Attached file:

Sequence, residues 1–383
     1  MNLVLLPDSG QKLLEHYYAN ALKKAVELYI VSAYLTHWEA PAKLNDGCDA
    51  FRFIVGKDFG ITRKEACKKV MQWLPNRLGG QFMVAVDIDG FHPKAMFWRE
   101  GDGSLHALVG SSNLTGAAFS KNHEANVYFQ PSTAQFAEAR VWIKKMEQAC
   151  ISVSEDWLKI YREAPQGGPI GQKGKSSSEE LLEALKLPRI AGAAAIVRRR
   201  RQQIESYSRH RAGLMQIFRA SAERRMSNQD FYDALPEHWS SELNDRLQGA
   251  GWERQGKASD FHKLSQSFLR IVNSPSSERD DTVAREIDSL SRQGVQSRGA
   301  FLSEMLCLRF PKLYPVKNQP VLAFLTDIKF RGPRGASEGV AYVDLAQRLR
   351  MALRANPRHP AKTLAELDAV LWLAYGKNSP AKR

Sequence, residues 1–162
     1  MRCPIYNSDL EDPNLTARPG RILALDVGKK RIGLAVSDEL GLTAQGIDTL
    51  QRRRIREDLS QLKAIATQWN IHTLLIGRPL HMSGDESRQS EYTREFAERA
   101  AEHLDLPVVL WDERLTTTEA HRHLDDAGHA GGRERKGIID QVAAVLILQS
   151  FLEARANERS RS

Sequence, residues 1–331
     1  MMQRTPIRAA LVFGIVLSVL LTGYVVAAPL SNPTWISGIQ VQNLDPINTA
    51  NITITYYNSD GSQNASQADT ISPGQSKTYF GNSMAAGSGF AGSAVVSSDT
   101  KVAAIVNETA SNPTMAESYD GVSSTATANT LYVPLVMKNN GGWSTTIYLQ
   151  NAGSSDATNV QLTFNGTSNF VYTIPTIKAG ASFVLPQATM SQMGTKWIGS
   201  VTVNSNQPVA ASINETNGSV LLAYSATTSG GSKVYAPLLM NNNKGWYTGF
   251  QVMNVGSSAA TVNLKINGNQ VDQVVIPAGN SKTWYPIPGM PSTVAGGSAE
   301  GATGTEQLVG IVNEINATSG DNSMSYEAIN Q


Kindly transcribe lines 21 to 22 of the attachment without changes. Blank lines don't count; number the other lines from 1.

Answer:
   251  QVMNVGSSAA TVNLKINGNQ VDQVVIPAGN SKTWYPIPGM PSTVAGGSAE
   301  GATGTEQLVG IVNEINATSG DNSMSYEAIN Q